Saturday, September 28, 2019

Diary of a Country Priest (Robert Bresson, 1950)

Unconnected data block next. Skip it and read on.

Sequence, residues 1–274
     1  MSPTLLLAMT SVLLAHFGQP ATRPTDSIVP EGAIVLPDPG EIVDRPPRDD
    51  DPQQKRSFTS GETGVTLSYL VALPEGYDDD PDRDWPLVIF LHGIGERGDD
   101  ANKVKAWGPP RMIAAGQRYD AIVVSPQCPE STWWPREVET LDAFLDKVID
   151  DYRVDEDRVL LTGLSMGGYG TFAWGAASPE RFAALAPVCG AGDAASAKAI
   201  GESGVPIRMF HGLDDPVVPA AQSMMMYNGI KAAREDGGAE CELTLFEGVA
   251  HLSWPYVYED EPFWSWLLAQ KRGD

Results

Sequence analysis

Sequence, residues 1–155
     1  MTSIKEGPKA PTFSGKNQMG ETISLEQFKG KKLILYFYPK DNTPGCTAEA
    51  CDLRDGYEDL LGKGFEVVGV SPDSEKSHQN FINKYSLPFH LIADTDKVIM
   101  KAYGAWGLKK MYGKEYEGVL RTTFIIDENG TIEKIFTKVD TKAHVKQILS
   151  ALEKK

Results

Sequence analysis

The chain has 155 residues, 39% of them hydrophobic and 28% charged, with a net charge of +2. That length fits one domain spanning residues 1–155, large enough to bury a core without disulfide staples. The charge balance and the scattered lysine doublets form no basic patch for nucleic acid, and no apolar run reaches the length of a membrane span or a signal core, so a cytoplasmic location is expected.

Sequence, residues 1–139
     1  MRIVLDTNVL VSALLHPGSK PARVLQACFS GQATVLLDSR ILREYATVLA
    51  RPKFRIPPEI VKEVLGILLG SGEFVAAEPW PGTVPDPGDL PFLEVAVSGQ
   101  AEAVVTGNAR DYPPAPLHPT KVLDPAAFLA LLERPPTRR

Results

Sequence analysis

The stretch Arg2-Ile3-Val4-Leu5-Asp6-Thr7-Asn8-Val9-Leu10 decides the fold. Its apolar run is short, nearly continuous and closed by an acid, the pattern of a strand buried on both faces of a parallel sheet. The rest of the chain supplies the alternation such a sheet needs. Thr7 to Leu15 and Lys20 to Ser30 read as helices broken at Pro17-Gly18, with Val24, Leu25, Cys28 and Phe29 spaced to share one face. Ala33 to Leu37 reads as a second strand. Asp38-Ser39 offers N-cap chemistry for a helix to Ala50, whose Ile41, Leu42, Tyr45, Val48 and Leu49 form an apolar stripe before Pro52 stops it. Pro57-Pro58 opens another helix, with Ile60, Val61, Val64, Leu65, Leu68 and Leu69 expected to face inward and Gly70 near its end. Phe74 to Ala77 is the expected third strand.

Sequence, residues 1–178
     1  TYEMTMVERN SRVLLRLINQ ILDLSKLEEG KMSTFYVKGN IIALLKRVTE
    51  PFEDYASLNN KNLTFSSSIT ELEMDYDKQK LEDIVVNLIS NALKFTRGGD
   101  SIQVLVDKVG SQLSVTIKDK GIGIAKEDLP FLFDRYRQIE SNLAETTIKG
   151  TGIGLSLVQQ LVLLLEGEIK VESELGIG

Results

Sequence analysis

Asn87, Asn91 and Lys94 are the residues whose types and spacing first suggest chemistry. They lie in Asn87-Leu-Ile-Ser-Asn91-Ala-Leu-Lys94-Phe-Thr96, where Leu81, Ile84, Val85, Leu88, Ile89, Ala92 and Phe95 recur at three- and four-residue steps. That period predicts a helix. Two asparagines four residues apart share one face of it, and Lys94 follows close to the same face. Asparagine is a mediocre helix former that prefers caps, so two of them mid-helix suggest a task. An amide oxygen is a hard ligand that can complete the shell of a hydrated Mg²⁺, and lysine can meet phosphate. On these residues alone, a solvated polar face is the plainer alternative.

In a lesser film, the emphasis on writing in Robert Bresson’s Diary of a Country Priest might seem over-emphatic, almost as a negation of cinema: for a significant portion of screen time we see the words on the pages of the priest’s journal and simultaneously hear them in his voice over. In Bresson’s hands however, the repetition deepens our compassion for the meticulous thoroughness of the protagonist’s struggle, while surely suggesting a linkage between the man of God and the artist: each consecrated to his interpretative process, to relentless self-examination, to a journey of uncertain destination. The film’s ultimate tragedy is embodied by the priest’s incapacity to craft the final entry, by the intrusion (however respectful) of the voice of another, by the yielding of all imagery to that of the cross. The film depicts the priest’s life as small and strained, doomed almost from the start (there are hints of what we might now call fetal alcohol syndrome), but with the capacity to acquire a kind of majesty (or grace, in the film’s terms) if it were allowed to approach God expansively and openly, to rely as much on intuition as on dogma and ritual. But the rural society to which he’s assigned is parched and grudging and set in its ways, tolerant of the church as long as it maintains its boundaries as an abstract pillar of continuity and order and discipline, unable to countenance true questing or suffering. The film feels so unerringly composed that later Bresson works may almost seem strained by comparison (this is a purely relative assessment, I should emphasize). It also encompasses one of the purest expressions of bliss in his work – a brief ride on the back of a motorcycle ride that leaves the priest momentarily exhilarated, certain he feels God’s hand in the experience (it’s a moment of surrender that may bring to mind the older Bresson’s delight in For Your Eyes Only, for its “cinematic writing”). Diary of a Country Priest is at once resolutely tangible and specific and wondrously transcendent, an inexhaustible filmic pilgrimage.

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